Tuesday, June 21, 2016

California Is Proving That The 1994 Crime Bill Worked

In 1993, America's violent crime and homicides hit all time records.  In response, the then-President Bill Clinton signed into law the massive "Violent Crime Control and Law Enforcement Act of 1994".  Known simply today as the Crime Bill of 1994.

While the bill had many provisions, those that provided mandatory minimum sentences and the 3-strikes rule have come under fire in recent years.  The reason is that these provisions have been blamed for the overcrowding of our prisons.  This problem, known politically as "mass incarcerations," has been a key issue for the likes of Hillary Clinton who wants to, according to her website: "End the era of mass incarceration, reform mandatory minimum sentences, and end private prisons". Even her husband, who signed the Crime Bill, has publicly stated his regrets for that law.  Both bowing to the pressures being exerted by activists in this election year.

Of course, leave it to Californians to take matters into their own hands and reduce their "mass incarceration" problem with the passage of the ballot initiative known as "Proposition 47" and the passage of Assembly Bill "AB109".  The result of which made certain that some crimes would be downgraded to misdemeanor status with only limited jail time rather than  prison; and that other prisoners would see early releases.

While California may have seen their prison overcrowding problems reduced, in Nevada -- especially in Clark County where Las Vegas is situated -- crime is going through the roof, The murder rate in Clark County is double what it was last year. California's leniency in sentencing, is at least partly to blame.   That's because many of the newly arrested were from California, and were also beneficiaries of Proposition 47 and AB109.  Also, Los Angeles, too, has seen its crime rate spike.  But, supporters of Proposition 47 point out that spiking crime rates exist in many major cities such as Chicago, and therefore, "47" shouldn't be singled out as the reason.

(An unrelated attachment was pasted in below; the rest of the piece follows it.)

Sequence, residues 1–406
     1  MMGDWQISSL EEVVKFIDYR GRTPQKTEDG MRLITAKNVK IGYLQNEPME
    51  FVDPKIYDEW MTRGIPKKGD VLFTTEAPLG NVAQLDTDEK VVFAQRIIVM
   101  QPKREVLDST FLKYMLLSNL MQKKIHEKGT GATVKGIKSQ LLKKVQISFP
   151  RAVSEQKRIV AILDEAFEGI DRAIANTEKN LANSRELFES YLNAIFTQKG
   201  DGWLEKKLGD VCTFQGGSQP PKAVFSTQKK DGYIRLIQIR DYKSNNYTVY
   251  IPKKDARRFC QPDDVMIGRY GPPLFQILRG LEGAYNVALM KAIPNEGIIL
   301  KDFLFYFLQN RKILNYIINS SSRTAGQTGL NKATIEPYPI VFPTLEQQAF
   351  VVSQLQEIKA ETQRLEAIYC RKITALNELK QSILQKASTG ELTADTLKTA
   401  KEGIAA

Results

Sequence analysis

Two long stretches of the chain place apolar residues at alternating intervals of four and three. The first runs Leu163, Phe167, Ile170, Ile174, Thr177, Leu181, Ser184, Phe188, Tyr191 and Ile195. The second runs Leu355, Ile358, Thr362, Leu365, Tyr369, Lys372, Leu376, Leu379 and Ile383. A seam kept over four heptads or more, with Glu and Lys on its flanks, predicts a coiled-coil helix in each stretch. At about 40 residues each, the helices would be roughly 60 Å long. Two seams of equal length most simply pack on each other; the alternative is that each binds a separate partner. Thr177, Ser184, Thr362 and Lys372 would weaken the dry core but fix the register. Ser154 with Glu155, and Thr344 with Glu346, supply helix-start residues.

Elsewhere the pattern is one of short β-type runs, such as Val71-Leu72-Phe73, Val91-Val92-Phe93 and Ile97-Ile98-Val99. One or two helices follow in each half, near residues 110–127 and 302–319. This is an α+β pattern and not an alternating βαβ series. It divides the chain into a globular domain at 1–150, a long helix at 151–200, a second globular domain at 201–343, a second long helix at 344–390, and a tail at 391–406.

Here's the simple fact.  The study by the Bureau of Justice statistics found that 56% of those arrested for violent crimes had prior arrest records.  Thus, if you "early out" criminals, there is definitely going to be a higher incidence of crime; and especially murder.  I think California is definitely proving that the 1994 Crime Bill was the right thing to do.   Especially when you consider that gun-related murders in this country, have fallen from 18,253 in 1993 to 8,124 in in 2014.  A 75% reduction.

Do we really want to go back to the good old days of 1993 by putting criminals back on the streets?


Violent Crime Control and Law Enforcement Act of 1994: https://en.wikipedia.org/wiki/Violent_Crime_Control_and_Law_Enforcement_Act

Bill Clinton renounces his 1994 crime bill: http://thehill.com/blogs/blog-briefing-room/news/241247-bill-clinton-renounces-his-1994-crime-bill

Hillary Clinton on the Issues: Criminal Justice Reform: https://www.hillaryclinton.com/issues/criminal-justice-reform/

California Proposition 47: https://en.wikipedia.org/wiki/California_Proposition_47_(2014)

Overview of AB109: http://www.cdcr.ca.gov/realignment/docs/realignment-fact-sheet.pdf

Las Vegas Blames California For Spike In Crimes: http://losangeles.cbslocal.com/2016/05/19/las-vegas-blames-california-for-spike-in-crimes/

Homicides increase 100 percent in Clark County between 2015 and 2016: http://news3lv.com/news/local/homicides-increase-100-percent-in-clark-county-between-2015-and-2016

Here's Where L.A.'s Biggest Crime Increases Are Happening: http://www.laweekly.com/news/heres-where-las-biggest-crime-increases-are-happening-6549370

Bureau of Justice Statistics: http://www.bjs.gov/content/pub/ascii/vfluc.txt

Gun related murders 1993: https://www.google.com/search?q=gun+related+murders+1993&ie=utf-8&oe=utf-8

FBI: Murder Victims By Weapon Type: https://www.fbi.gov/about-us/cjis/ucr/crime-in-the-u.s/2014/crime-in-the-u.s.-2014/tables/expanded-homicide-data/expanded_homicide_data_table_8_murder_victims_by_weapon_2010-2014.xls

No comments: